6) Don’t overcomplicate simple solutions – use the right tool for the job: We have all been guilty over-engineering a solution. One example of this is creating an asynchronous method when there is no need for it. Sometimes abstract classes unnecessarily complicate how we reason about code.

7) Backend APIs should not be customized for a frontend experience: Our backend APIs should be generic and reusable. If we want to convert an enumeration to a human-readable string, that conversion should be handled by our frontend, not our backend.

8) If you don’t know what it does… don’t copy it: We should fully understand what each line of code we write does. It’s ok to follow a pattern from code someone else has written, but don’t copy anything that you don’t understand.

Having agreed upon team patterns and principles are key to having a successful team. Without them, there will be no guidance on how or why things should be built a certain way. Each developer will build things according to their preference instead of what had been decided on by the team.

Principle 2: Create knowledge

“If it was hard to write, it should be hard to read” – A developer you probably know

The mindset above is not uncommon in our industry. We think that our secret knowledge gives us “job security” or a certain amount of power and seniority. It does cause others to come to us for our specific domain knowledge, but mostly it shows how junior and immature we are. At Kino, this behavior is not tolerated. Instead, we focus on creating knowledge. We do this through show ‘n tells, peer reviews, shared documentation, and comments. We empower teams and individuals to make good choices by giving them access to the information. We do not believe in single points of failure.

Comment! Comment! Comment! and then Comment some more! When I was still in school, my professors graded us not only on whether our code worked as expected but also on the comments we added to our code. It trained me to comment extensively and – more often than not – I had more lines of comments than I did code. However, as soon as I started my first job that all went out the window. The apps at my new company barely had any comments in them, so I quickly picked up this behavior. After only a short time, I adopted the pattern of minimal comments. This is why the team needs to adopt the pattern of good comments. Just because we have a Sr Engineer, we can’t expect them to have good commenting disciplines.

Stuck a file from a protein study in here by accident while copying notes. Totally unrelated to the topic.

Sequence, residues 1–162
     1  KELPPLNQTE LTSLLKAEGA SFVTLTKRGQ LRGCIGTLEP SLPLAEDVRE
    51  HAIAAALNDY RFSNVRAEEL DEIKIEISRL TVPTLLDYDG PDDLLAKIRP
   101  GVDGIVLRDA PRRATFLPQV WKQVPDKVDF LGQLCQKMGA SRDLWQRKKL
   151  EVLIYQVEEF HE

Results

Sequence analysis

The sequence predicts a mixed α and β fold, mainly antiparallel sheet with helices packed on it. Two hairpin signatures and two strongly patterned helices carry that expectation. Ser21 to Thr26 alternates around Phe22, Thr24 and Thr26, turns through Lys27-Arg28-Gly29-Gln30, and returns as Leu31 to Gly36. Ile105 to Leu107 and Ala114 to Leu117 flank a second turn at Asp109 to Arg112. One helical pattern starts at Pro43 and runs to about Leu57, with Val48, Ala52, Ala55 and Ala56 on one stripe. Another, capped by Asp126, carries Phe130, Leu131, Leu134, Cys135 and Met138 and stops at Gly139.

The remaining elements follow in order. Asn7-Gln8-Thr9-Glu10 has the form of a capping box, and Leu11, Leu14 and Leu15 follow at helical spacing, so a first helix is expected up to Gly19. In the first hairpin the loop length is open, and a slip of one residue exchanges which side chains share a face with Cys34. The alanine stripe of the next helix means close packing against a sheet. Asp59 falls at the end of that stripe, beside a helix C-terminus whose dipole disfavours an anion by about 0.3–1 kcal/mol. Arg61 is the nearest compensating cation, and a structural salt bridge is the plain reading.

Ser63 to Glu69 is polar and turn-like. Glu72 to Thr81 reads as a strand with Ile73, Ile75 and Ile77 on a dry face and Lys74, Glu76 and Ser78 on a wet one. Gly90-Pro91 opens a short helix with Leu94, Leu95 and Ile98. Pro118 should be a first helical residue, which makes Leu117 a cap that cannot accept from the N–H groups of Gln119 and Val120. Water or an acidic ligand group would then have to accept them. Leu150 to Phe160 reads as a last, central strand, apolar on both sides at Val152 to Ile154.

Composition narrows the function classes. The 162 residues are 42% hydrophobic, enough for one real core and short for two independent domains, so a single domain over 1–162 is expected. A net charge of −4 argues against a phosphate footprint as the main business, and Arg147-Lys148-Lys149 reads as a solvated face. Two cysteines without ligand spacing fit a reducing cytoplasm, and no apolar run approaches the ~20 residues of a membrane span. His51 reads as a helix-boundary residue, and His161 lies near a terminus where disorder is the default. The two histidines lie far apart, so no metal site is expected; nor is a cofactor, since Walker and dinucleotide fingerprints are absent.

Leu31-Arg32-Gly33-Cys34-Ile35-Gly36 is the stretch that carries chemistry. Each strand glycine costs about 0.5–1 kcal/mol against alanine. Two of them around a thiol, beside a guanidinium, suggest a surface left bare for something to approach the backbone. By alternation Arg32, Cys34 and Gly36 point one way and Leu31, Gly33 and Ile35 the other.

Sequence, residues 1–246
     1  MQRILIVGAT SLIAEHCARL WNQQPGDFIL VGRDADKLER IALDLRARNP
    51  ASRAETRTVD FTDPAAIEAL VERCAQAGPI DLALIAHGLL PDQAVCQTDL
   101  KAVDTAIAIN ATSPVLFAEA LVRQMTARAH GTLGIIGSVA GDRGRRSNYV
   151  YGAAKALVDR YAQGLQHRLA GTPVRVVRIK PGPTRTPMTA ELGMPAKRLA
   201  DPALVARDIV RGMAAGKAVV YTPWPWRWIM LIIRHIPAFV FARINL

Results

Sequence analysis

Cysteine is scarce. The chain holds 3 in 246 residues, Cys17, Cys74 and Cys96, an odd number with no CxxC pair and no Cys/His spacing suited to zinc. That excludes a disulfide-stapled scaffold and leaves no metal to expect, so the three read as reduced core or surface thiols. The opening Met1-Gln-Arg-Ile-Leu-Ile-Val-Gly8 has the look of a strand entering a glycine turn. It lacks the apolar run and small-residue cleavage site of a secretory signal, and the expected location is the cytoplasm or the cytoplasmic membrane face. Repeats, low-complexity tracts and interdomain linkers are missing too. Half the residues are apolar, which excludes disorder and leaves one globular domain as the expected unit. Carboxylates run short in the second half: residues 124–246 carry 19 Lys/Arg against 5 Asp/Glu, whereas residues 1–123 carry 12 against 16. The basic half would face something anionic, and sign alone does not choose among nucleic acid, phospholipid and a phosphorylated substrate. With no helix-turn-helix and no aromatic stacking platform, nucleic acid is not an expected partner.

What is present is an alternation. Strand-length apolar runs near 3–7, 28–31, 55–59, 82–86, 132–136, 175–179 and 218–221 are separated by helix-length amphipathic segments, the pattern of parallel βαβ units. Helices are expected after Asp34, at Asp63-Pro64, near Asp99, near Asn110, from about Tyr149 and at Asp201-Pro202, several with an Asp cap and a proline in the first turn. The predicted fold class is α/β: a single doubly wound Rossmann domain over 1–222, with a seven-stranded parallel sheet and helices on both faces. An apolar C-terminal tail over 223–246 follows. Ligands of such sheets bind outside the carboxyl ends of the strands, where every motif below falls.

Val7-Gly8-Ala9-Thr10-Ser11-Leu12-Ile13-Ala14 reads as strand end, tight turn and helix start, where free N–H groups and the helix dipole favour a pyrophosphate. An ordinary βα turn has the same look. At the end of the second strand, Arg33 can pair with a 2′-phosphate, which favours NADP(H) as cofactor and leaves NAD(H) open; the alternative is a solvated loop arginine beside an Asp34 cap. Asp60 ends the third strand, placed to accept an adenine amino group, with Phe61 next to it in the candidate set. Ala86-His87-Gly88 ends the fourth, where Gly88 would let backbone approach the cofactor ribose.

What is a good comment? A good comment explains not just what we are doing, but WHY we are doing it. A comment that simply states that we’re short-circuiting our function if a value is null is not nearly enough. It gives no intent behind the work, simply states what we are doing.

Why are we short-circuiting the method? Why aren’t we throwing an exception? What if I want to come in and change the logic for this null case, do I introduce some hidden risk by changing this code?

Comments should not just be in our code, but they should exist in our tests, our styles, our CI/CD build scripts, and our templates. It’s important to know why certain styles are applied or why we have some condition in our template. Don’t be shy about adding comments everywhere.

Sometimes we must divert from our team patterns because our patterns can’t cover every single scenario. When this happens, we should always add a comment explaining that it is an anti-pattern and why we had to diverge from the team patterns. This is important for two reasons: 1) a developer may look at this code in the future and attempt to refactor it, not knowing it will not work and 2) a new engineer who does not realize it is an anti-pattern may copy this pattern in other places.

When we come across undocumented things, it increases our cycle time because we must read the code to figure out what it is doing. Sometimes, we must find the places where it is being used, and sometimes, it still just doesn’t make sense, and we have to reach out to the author. We should always add what we’ve learned in our comments for the next developer. Otherwise, we can’t capitalize on the time we’ve spent doing the research.

Principle 3: Serve each other with our time